On the next vertical sync pulse, the status of the mode flip-flop 38 will change, shifting the circuit to the print (output) mode. In the print mode, counters 50 and 52 as well as 40 and 42 are set to the divide-by-64 mode. Since the counters 50 and 52 are counting the high frequency clock pulses, this generates at the output of counter 52 a clock signal which is equal to 1/64th of the high frequency clock signal. Counting during the horizontal retrace time is prevented by the horizontal sync signal, applied through gate 60 and inverter 62 to keep counters 50 and 52 at their preset values. Counters 40 and 42 count each horizontal sync pulse and generate an output signal during each 64th line of the image. On the 64th line, the output signal of counter module 52 along with the output signal of counters 40 and 42 are combined in a gate 76 with the output of mode flip-flop 38 to generate a clock signal to the memory modules 68 through 70 to shift 64 of the data samples (one line of the original sample) into the recirculating memory module 78. For the next subsequent 64 lines of the display, the 64 samples stored in the recirculating memory 78 are printed out and recirculated at 1/64th of the rate of the high frequency clock signal causing the line to be repeated 64 times. On the 64th line, another 64 samples from the memory modules 68 through 74 are shifted into the recirculating memory 78 and these samples are recirculated and printed for the next 64 lines. This process is completed until all the information stored in the recirculating memories 68 through 74 is displayed.
The data output from the recirculating memory 78 along with the inverted horizontal and vertical one of 64 signals are combined in a NOR gate 80. This prints a reference grid in the magnified image. The grid identifies the limits of each digitized cell of the original sample. This grid is useful to help correlate a point in the magnified image to the same point in the original image. This function and gate 80 could be deleted if the grid is not desired.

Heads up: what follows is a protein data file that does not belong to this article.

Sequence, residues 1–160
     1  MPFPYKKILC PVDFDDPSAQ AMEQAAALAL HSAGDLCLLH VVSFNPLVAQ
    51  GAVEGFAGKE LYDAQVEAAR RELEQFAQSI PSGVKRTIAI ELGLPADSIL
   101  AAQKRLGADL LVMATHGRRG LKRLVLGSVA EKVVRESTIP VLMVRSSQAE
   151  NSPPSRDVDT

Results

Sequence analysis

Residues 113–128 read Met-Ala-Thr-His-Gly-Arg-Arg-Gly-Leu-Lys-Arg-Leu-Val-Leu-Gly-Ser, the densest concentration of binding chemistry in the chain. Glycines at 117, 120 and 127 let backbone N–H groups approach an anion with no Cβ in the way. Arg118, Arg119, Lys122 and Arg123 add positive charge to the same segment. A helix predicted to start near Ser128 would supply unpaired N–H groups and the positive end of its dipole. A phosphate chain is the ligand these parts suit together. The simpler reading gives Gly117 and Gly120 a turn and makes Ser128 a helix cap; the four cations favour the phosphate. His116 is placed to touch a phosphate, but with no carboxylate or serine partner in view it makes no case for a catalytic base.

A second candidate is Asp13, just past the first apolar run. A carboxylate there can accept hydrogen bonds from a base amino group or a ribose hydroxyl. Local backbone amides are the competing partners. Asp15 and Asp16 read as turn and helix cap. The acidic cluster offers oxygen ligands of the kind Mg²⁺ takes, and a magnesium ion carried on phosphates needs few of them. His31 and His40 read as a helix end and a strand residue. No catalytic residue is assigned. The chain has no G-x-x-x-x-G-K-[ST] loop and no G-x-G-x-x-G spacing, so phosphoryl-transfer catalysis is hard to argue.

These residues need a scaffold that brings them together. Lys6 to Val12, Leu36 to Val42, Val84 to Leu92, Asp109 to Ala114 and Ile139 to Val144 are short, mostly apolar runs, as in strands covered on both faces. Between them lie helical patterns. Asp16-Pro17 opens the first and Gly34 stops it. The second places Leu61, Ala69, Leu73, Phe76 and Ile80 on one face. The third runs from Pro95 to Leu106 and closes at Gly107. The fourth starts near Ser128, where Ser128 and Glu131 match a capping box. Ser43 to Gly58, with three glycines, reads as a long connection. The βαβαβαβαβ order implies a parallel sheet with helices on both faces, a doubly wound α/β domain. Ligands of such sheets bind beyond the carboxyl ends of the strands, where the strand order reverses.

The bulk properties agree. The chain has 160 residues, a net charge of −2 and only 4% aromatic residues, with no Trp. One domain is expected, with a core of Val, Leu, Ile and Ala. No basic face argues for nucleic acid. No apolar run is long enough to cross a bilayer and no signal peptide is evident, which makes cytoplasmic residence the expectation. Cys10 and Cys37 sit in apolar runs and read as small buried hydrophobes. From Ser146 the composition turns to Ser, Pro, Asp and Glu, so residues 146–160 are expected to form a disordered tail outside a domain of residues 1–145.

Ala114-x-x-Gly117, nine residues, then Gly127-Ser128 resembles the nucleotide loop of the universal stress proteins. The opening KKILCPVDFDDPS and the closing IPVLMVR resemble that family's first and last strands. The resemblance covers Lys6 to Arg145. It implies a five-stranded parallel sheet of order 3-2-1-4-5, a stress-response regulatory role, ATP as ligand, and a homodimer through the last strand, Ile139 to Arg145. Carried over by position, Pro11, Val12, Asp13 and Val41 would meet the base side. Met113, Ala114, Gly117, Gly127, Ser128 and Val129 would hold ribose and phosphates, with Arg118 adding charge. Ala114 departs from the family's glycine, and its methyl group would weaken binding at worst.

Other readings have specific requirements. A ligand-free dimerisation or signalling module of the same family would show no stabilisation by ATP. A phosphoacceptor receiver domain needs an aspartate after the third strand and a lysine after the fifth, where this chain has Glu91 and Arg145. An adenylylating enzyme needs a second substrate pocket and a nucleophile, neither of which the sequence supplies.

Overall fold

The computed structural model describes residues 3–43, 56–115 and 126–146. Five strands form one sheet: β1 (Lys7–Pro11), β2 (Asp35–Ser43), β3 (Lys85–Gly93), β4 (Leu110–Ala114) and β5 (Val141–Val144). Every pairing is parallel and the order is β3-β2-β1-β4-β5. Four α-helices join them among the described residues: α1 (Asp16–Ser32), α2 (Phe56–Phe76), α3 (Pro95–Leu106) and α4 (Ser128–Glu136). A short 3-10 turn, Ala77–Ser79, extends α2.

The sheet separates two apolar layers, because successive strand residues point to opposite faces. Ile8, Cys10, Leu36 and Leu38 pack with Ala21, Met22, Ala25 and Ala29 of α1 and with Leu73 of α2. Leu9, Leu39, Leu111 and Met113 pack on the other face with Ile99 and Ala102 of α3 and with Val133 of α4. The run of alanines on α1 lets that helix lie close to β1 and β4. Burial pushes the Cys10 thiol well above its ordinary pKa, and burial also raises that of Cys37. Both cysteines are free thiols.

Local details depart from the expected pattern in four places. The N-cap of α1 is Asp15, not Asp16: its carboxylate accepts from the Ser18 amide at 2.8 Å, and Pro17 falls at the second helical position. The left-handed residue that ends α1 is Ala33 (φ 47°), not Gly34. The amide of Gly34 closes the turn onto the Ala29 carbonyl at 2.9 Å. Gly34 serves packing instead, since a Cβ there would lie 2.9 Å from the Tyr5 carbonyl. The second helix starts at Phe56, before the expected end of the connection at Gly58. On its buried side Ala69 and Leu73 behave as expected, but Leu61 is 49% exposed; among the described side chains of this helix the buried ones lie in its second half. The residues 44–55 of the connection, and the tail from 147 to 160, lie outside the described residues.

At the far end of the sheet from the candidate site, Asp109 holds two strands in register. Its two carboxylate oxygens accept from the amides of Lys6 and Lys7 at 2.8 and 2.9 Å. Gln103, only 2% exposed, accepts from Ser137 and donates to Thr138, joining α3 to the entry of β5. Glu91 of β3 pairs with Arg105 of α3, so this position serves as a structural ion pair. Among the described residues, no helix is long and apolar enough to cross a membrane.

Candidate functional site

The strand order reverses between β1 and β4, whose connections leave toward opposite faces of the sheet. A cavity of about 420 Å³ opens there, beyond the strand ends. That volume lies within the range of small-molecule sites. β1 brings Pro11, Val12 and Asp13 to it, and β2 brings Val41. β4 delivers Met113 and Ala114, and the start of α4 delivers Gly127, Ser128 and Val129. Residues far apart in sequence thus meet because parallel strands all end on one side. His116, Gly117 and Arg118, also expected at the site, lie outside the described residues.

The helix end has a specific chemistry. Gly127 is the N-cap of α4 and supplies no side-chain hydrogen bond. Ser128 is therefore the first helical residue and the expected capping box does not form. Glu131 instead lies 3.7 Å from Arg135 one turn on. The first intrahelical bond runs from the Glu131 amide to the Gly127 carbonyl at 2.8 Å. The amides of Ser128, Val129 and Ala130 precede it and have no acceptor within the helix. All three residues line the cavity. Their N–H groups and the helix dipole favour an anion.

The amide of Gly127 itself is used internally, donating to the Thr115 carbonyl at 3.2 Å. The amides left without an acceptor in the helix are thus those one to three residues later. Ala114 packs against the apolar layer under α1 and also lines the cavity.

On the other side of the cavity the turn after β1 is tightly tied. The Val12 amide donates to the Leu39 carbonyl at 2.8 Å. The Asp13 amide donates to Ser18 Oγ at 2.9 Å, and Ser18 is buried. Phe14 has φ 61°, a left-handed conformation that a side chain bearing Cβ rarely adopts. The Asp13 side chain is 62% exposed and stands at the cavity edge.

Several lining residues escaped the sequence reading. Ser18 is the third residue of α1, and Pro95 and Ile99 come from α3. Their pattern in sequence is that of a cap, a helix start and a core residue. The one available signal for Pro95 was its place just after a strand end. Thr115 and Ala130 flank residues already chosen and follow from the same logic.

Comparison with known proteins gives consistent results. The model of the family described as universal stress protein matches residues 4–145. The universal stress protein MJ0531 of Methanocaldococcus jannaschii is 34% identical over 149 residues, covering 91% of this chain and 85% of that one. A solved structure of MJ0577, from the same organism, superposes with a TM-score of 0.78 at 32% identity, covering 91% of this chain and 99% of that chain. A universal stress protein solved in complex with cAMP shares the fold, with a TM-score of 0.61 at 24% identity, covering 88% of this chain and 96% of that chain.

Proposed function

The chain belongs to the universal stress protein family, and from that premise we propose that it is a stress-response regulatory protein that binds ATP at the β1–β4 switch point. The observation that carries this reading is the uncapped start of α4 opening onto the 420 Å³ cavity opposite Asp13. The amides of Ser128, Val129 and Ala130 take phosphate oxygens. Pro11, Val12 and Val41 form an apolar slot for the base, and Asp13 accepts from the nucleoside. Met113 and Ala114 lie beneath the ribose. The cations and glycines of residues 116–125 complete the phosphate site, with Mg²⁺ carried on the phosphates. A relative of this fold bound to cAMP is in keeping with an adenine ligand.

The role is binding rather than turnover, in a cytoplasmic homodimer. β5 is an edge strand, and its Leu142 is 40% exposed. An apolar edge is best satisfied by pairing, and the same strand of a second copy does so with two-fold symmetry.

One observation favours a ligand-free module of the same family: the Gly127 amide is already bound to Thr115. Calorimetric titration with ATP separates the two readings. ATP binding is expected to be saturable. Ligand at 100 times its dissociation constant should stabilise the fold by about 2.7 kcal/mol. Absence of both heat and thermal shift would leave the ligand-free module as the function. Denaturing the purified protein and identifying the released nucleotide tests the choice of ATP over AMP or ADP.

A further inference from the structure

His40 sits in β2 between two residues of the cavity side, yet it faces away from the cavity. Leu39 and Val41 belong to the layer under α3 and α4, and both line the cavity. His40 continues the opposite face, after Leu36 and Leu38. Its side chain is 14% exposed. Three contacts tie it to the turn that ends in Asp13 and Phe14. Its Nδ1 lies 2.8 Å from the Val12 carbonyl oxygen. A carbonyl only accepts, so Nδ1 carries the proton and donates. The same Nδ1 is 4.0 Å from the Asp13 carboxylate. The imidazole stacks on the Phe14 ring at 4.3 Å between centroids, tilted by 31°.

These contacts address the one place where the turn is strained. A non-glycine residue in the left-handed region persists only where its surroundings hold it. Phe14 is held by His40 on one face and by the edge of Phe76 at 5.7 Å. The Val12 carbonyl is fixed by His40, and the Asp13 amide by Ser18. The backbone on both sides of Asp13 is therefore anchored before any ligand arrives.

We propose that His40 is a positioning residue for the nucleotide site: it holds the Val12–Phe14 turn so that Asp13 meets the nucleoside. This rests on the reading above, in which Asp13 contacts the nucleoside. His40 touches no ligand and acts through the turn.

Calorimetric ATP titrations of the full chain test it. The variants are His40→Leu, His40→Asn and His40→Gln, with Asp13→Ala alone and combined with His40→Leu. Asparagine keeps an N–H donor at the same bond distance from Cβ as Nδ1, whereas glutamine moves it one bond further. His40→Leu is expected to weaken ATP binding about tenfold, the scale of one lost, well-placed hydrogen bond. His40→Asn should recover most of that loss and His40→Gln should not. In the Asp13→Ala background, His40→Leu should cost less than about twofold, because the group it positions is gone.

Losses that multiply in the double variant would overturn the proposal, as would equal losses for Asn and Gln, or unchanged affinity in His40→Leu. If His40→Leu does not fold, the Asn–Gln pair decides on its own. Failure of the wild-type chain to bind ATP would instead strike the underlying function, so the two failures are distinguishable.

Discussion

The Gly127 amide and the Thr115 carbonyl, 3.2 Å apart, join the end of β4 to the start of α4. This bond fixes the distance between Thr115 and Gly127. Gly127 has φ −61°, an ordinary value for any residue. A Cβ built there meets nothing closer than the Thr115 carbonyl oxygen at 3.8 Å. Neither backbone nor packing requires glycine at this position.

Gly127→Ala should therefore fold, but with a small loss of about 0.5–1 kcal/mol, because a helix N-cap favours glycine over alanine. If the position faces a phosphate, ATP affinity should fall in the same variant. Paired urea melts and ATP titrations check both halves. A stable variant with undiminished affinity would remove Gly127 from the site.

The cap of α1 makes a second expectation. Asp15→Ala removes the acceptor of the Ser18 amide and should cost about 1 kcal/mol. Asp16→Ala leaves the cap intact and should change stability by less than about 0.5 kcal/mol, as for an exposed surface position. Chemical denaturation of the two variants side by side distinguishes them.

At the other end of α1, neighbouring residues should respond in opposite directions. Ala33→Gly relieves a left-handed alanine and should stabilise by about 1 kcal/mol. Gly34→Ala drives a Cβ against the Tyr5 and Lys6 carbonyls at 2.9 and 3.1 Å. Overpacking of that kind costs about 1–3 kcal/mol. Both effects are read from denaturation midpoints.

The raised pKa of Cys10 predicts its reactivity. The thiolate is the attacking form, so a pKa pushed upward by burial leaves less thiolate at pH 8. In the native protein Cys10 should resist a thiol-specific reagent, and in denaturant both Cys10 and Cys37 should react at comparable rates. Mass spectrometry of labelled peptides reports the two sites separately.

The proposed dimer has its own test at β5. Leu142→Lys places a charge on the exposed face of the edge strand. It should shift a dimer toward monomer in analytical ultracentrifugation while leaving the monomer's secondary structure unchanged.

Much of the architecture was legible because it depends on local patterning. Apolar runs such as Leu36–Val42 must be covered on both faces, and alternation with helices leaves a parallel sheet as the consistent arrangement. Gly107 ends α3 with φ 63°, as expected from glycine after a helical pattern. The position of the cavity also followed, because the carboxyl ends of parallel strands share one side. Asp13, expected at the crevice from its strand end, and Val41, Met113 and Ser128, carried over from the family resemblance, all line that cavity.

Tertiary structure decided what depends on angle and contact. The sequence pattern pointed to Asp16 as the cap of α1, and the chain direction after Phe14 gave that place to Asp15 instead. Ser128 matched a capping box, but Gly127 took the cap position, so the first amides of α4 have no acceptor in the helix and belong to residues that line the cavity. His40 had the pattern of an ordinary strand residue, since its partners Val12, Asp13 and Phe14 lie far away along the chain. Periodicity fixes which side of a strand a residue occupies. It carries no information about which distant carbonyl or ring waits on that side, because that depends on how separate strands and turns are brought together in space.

During the input mode, the output signal of mode flip-flop 38 disables gate 82 to assure that the output data signal is always a logic zero. Also during the input mode, gate 76 which provides the output data clock is disabled by flip-flop 38. During the output mode the output of flip-flop 38 disables the action of sample gate flip-flop 56 and is applied through gate 41 to allow counters 40, 42, 50 and 52 to count for the entire output scan.
Different shades of gray can be printed by expending the data memories 68 through 74, the repeat memory 78 and output gates 80 and 82 for each bit of a multibit data sample.
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|U.S. Classification||348/580, 358/451, 358/453, 348/E05.055, 348/561|
|International Classification||H04N5/262, G06K15/10, G09G5/36|
|Jul 16, 1996||AS||Assignment|
Owner name: NORTHROP GRUMMAN CORPORATION, CALIFORNIA
Free format text: ASSIGNMENT OF ASSIGNORS INTEREST;ASSIGNOR:WESTINGHOUSE ELECTRIC CORPORATION;REEL/FRAME:008104/0190
Effective date: 19960301